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circa 2650 BCE
The Step Pyramid of Djoser, second king of the 3rd dynasty, was built within a vast enclosure on a commanding site at Ṣaqqārah, overlooking the city of Memphis. A high royal official, Imhotep, has traditionally been credited with the design and with the decision to use quarried stone. Fine reliefs of the king and elaborate wall panels in glazed tiles in parts of the subterranean complexes are among some of the several new innovations found in this remarkable monument. In March 2020, the Pyramid of Djoser, was opened to the public after a 14-year restoration costing nearly $6.6 million.
circa 2645 BCE
Sekhemkhet's pyramid is sometimes referred to as the Buried pyramid and was first excavated in 1952 by Egyptian archaeologist Zakaria Goneim. A sealed sarcophagus was discovered beneath the pyramid, but when opened was found to be empty. It was planned as a step pyramid from the first. Its base was a square measuring 378 ft x 378 ft (220 x 220 cubits). If the pyramid had been completed, it would have had six or seven steps and a final height of 240.5 ft (140 cubits). These proportions would have given the pyramid an angle of elevation of 51˚50', identical to the pyramid at Meidum and the Great Pyramid at Giza.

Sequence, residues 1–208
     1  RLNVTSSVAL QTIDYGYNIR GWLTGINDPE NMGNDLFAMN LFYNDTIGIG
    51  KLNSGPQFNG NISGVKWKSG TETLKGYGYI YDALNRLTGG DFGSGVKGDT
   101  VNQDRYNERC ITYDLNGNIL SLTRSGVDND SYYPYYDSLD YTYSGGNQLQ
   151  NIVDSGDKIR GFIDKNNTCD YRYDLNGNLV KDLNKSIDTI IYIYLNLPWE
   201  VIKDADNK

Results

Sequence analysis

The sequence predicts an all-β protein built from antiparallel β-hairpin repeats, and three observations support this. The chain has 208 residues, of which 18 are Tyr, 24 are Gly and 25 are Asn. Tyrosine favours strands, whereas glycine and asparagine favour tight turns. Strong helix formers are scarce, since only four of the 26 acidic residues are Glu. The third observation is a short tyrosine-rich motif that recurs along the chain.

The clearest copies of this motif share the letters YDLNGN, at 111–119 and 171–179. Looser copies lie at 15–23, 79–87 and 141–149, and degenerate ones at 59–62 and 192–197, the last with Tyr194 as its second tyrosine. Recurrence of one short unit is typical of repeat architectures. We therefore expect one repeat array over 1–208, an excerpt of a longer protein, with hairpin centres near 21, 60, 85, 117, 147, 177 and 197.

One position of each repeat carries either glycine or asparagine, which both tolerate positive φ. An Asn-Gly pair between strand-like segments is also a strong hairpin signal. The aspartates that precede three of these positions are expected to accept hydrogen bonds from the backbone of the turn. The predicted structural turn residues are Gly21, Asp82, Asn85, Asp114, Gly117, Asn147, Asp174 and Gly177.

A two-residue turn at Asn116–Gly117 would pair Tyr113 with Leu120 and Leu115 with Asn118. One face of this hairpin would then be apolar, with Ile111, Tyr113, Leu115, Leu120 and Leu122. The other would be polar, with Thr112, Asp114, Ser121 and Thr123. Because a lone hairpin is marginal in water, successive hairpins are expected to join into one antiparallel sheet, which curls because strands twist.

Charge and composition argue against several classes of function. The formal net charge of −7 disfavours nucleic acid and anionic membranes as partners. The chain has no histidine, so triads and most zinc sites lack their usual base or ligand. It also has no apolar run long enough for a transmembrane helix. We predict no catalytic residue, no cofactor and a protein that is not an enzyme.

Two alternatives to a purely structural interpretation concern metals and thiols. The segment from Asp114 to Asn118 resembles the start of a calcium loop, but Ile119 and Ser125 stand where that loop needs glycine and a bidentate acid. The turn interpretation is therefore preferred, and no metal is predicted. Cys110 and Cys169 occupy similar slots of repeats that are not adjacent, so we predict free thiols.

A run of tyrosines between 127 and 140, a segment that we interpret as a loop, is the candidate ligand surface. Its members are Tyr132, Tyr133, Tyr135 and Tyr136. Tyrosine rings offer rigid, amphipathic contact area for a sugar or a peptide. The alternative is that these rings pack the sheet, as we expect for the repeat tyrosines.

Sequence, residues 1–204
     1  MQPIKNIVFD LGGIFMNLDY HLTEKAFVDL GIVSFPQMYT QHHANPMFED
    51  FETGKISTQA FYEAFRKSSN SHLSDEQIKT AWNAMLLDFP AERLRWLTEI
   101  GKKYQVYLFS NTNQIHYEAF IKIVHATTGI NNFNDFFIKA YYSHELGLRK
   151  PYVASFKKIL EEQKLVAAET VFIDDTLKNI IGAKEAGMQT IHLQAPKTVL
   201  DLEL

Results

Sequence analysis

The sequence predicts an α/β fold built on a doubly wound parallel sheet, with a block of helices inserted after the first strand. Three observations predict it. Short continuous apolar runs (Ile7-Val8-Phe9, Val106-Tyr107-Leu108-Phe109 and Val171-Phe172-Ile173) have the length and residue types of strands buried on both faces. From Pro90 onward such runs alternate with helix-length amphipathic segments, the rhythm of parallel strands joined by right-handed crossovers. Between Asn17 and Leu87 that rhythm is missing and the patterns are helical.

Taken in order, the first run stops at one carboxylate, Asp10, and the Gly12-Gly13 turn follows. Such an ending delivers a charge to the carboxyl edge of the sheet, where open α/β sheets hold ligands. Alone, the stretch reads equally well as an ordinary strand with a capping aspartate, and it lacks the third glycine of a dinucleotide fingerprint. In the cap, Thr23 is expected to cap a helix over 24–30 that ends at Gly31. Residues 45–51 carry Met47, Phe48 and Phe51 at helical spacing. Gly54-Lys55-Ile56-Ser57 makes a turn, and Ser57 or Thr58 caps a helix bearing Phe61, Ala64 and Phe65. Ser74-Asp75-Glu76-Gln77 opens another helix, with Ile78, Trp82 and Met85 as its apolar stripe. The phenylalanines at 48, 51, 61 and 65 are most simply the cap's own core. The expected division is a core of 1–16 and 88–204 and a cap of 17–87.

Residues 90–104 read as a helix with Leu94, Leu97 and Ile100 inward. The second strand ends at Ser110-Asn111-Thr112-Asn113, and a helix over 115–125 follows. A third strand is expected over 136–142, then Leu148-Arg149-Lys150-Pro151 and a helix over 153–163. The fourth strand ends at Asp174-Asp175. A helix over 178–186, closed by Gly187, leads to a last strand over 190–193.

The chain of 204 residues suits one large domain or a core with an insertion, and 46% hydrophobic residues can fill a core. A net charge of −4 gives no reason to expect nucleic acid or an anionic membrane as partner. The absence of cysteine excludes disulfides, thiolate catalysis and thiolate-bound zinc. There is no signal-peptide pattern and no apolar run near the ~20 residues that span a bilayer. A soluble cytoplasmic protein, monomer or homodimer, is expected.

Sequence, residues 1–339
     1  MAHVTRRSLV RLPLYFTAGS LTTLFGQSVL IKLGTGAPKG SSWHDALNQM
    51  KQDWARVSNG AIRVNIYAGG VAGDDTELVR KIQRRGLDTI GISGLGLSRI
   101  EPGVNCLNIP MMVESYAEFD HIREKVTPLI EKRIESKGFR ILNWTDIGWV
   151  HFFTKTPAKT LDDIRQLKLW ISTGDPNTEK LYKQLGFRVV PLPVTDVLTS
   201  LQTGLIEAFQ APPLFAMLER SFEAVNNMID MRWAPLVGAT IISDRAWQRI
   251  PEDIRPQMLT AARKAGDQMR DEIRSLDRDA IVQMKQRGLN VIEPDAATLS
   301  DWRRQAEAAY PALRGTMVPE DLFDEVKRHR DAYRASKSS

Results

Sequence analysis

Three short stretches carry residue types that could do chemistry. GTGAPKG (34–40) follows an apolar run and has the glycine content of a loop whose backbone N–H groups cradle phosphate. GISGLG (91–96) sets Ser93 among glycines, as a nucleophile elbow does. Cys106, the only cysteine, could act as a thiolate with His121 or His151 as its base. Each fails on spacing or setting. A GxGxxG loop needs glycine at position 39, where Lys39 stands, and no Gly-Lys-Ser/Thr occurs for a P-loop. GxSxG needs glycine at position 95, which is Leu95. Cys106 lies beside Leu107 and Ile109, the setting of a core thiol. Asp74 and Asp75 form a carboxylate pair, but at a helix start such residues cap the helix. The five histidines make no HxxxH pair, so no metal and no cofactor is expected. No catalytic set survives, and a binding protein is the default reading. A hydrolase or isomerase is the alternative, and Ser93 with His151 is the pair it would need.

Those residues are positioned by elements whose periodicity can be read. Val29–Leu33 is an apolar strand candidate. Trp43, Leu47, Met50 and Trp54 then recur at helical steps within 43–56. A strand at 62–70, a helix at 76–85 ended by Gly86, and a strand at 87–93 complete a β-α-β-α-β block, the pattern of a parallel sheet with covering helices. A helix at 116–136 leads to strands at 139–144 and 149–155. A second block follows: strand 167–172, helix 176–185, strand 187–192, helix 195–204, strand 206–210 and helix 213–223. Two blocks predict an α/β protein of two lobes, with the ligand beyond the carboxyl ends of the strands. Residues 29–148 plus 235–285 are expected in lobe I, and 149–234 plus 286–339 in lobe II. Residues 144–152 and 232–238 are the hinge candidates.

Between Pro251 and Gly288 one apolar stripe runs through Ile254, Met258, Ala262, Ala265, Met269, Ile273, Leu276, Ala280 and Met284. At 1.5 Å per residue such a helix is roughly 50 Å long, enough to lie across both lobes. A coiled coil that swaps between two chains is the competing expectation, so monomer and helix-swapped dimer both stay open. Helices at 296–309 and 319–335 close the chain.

circa 2570 BCE
Pyramid of Khafre, the second great pyramid of Giza, was built by Khufu’s second son Khafre. It seems larger than that of Khafre's father, Khufu. At just 136 meters high, it’s not, but it stands on higher ground and its peak is still capped with the original polished limestone casing.